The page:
Whenever I miss home, I think of a specific scene: 

I walk down the stairs. The sun is just rising: I can see the pinkish-orange light starting to filter through the windows facing the mountains. It’s painfully early, and I am painfully awake. My dad’s already up, and is working on the Seattle Times Jumble: it’s like the Wordle — but in print — and you already have the letters. A bowl of peanut butter oatmeal waits for me. I take my seat at my end of the table, and turn to the Nation page, A2, with the ticker-line of “odds and ends” and “on this day in time.” For 15 minutes, we enjoy the quiet chirping of the finches that haven’t yet mistaken glass windows for air, and the momentary peace before a busy day yet to come. 

My most favorite moments of 2023 have not come in the highs — not by a long shot. Many of them have instead come in destabilizing moments of solitude. They are the moments when all of a sudden, I snap out of it all, and realize that I see the same little flock of fat finches on the sidewalk beneath the Branford dining hall every morning, and that there are always three little birds who don’t seem to be afraid of me walking by. It’s those “what the hell?” moments that sharpened my focus on that feeling I have at the kitchen counter with my dad. Or, alternatively, the moments when I narrowly avoid getting hit by a car crossing Elm. I want to say to the honking Kia driver: “Oops. I was distracted, but for some reason, it felt great.” 

I think we all have those moments at Yale when we float above the crowd. The feeling is more acute at the beginning of the year, when the first-years arrive and the intensity of the journey here comes back into focus. I was reminded of this intensity a few days ago, when I saw what admissions officers had written about me in my Yale admissions file. I was told I shouldn’t look at it before junior year, but I wish I hadn’t heeded that advice. There was little in there I didn’t already know, but much I needed to be reminded of.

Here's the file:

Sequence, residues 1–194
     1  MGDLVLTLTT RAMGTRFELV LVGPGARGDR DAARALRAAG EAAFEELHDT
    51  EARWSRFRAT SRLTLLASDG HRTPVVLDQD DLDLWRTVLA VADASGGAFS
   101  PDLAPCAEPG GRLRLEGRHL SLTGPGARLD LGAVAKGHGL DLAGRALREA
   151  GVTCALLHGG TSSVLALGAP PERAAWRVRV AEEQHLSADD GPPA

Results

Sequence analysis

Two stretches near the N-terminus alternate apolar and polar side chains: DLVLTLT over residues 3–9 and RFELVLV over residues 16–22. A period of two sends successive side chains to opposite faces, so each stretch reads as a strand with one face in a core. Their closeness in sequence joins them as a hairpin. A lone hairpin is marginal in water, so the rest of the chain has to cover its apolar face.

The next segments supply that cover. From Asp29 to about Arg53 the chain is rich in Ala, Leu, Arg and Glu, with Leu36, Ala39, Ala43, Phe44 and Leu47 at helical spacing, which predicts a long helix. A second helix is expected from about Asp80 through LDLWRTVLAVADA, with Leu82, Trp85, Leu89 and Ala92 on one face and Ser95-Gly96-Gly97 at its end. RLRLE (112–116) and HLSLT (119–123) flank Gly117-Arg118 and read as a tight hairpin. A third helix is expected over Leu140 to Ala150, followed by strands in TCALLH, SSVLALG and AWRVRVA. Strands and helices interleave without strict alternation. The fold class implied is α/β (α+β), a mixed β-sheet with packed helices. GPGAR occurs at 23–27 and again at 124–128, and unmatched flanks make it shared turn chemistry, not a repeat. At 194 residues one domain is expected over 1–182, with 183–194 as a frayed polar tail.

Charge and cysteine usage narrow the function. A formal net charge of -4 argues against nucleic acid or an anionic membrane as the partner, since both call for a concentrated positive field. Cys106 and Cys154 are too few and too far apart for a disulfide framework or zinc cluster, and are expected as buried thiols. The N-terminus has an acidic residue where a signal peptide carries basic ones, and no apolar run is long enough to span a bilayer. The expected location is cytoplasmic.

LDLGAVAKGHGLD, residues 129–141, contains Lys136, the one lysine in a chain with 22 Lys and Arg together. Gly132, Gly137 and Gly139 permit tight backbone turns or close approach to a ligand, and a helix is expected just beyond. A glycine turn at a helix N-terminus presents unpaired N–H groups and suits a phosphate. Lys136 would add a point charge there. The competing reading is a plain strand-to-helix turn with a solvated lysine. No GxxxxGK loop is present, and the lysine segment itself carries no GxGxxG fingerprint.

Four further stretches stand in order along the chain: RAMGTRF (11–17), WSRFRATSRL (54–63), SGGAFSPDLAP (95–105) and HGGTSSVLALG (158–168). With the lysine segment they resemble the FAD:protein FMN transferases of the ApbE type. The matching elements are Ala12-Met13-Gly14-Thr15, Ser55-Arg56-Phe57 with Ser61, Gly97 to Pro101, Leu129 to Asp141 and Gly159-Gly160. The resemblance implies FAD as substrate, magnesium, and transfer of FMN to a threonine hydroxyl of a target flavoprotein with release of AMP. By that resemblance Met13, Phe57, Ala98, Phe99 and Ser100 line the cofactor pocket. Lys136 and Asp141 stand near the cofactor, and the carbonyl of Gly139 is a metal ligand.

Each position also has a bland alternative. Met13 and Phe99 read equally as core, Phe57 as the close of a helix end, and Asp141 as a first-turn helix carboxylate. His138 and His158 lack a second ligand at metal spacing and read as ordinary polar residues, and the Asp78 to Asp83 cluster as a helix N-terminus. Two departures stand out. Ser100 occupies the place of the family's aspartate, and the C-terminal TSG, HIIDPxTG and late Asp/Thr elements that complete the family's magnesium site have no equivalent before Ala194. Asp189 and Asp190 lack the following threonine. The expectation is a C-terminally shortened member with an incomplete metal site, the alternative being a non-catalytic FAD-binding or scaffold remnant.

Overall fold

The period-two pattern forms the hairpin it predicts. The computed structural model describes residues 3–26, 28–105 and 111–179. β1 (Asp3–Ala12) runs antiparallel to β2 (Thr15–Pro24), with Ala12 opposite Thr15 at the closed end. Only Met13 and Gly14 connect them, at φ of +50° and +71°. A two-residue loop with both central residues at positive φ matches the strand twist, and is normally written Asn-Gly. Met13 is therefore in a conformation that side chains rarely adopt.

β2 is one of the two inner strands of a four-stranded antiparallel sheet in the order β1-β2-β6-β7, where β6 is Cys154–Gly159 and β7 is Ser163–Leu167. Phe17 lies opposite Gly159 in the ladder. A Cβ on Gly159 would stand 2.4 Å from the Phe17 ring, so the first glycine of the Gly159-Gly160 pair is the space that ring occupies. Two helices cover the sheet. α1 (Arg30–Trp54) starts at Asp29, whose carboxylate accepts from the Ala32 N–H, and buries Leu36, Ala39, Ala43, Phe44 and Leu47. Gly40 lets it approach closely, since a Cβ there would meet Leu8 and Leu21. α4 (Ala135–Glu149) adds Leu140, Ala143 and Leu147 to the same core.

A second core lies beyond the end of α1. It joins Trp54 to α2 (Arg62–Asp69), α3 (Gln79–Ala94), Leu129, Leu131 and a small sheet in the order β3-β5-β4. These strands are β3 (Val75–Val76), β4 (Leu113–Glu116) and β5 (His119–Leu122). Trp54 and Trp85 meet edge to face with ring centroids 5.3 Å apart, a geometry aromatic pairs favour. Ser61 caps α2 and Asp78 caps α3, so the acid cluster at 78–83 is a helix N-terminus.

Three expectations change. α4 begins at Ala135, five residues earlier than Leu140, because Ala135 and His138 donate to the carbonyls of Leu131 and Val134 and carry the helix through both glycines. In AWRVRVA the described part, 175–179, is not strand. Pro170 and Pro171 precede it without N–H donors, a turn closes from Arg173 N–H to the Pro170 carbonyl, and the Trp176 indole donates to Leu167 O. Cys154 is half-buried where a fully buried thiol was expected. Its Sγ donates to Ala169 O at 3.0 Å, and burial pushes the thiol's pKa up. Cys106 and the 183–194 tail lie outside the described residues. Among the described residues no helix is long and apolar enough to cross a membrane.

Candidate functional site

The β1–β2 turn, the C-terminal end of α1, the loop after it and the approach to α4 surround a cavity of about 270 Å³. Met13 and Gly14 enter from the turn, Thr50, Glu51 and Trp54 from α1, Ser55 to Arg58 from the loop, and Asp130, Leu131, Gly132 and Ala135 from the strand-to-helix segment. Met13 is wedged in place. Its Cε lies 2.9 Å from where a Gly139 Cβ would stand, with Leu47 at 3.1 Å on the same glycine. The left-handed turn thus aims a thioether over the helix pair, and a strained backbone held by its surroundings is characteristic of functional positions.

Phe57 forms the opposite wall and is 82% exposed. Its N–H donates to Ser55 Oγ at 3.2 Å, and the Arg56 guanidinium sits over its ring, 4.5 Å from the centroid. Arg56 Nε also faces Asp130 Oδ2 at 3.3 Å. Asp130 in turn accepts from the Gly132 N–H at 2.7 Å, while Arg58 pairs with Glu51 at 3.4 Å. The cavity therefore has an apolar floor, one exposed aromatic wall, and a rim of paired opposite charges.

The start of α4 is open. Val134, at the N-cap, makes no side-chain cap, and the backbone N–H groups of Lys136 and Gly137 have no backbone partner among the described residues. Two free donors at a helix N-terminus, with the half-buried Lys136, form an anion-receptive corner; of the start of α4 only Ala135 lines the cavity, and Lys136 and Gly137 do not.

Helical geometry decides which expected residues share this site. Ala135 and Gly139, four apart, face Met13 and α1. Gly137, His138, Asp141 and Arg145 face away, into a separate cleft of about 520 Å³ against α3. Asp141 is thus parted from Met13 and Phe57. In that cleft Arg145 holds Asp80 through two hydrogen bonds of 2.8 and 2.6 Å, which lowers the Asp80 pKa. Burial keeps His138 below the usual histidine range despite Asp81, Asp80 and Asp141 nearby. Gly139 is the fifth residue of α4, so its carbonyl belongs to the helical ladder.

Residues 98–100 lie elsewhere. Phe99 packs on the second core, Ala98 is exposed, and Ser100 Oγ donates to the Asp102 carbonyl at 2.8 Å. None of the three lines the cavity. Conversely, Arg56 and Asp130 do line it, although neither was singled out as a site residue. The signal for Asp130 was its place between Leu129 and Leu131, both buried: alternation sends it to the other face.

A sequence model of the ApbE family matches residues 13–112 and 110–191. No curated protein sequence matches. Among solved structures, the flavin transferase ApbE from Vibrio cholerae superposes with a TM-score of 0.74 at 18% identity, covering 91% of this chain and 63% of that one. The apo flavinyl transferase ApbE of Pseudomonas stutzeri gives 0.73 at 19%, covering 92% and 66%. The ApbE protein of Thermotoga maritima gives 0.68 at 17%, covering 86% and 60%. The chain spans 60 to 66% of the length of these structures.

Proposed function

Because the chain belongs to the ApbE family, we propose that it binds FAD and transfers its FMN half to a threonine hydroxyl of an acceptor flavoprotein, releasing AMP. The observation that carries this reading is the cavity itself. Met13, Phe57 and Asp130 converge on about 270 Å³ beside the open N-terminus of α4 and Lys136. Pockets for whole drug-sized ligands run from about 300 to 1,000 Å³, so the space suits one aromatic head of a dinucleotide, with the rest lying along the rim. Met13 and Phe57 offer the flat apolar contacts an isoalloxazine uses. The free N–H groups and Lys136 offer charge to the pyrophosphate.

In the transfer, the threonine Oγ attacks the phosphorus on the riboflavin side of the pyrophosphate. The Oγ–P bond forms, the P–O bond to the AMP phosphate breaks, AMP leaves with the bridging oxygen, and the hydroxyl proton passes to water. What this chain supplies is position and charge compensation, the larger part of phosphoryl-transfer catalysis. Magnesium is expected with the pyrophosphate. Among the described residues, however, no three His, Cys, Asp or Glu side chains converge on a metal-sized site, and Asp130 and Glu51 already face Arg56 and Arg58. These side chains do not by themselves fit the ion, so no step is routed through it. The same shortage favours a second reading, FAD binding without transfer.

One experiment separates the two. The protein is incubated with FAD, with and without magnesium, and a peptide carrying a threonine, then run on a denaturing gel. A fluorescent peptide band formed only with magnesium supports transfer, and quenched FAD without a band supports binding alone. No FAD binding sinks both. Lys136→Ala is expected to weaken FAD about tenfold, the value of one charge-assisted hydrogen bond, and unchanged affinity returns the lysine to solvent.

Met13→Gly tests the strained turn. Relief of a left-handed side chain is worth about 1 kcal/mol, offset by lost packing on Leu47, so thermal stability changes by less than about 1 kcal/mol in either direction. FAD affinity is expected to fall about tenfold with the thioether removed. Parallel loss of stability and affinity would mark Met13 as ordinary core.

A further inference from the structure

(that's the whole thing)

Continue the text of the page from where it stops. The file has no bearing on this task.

After I saw my admissions file, it was clear that something hadn’t come across: I had kept something to myself, even if unconsciously. I played the cello from third grade all the way to the end of high school. It was something I loved to do. Never particularly competitive, I was part of a truly wonderful school music program and did my best, diligently practicing and asking for harder music when I had the chance. My alarm would go off at 5:30 a.m. on days when I had solo auditions for orchestral pieces, and I would run through tricky measures until the reps did more harm than good.

I remember spending hours on a section of Elgar’s “Nimrod” during my freshman fall of high school, a piece traditionally played to honor a director or conductor of an orchestra who has passed away. The summer before, our conductor had died in a tragic swimming accident. The piece wasn’t technically difficult, rather emotionally charged: it had matter to it. When I graduated, it was “Nimrod” playing in my head as I left my high school parking lot, a farewell to the highs, lows, wins, losses and everything in between. 

Today, my cello is more of an expensive coat rack than anything else. I auditioned for an orchestra the first week of my freshman year, but didn’t get in. I absolutely boofed a sight-reading passage — never my strong suit — and was so overwhelmed by the first week of college that I left the audition in tears. In the time since, I’ve only played for myself, if my neighbors allow it. Cello was, and always will be, something I do for myself, and now, by myself. 

In my admissions notes, there was no mention of cello: but at the same time, I didn’t write about it. It only showed up on my transcript, as “Chamber Orchestra, grades 9-12.” In high school, I was in the music crowd. At Yale, I float above it. And in 2023, I feel I’ve floated above it all. “Nimrod” will come on — thank you, Spotify Wrapped — or I’ll listen to my friend sing in Schola Cantorum; or someone will run one of any number of red lights; or I’ll see the fat finches and I’m taken back to my scales at 5:30 a.m. Taken back to the sometimes painful, but always profound solitude that has come to define this year. 

Anabel Moore edits for the WKND desk. She previously wrote for the WKND, Magazine and Arts desks as a staff writer. Originally from the greater Seattle, WA area, she is a junior in Branford College double-majoring in Molecular Biophysics and Biochemistry and the History of Art with a certificate in Global Health.